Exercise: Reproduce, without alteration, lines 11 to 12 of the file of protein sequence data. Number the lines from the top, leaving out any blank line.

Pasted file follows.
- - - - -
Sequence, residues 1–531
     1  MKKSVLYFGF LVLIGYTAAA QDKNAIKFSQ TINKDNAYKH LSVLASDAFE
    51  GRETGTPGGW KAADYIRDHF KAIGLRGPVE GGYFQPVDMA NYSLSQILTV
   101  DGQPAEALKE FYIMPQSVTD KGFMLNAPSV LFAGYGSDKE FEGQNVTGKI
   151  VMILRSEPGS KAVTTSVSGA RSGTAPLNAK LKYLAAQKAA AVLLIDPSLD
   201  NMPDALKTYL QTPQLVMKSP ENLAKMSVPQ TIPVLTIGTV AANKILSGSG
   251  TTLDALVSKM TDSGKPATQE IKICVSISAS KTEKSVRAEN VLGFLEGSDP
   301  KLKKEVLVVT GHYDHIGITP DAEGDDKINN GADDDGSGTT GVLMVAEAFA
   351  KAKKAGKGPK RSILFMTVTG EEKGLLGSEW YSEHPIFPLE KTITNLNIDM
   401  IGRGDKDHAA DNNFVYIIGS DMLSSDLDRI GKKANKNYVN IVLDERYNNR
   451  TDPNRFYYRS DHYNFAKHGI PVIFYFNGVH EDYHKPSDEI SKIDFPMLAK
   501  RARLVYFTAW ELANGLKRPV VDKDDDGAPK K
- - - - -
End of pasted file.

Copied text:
   451  TDPNRFYYRS DHYNFAKHGI PVIFYFNGVH EDYHKPSDEI SKIDFPMLAK
   501  RARLVYFTAW ELANGLKRPV VDKDDDGAPK K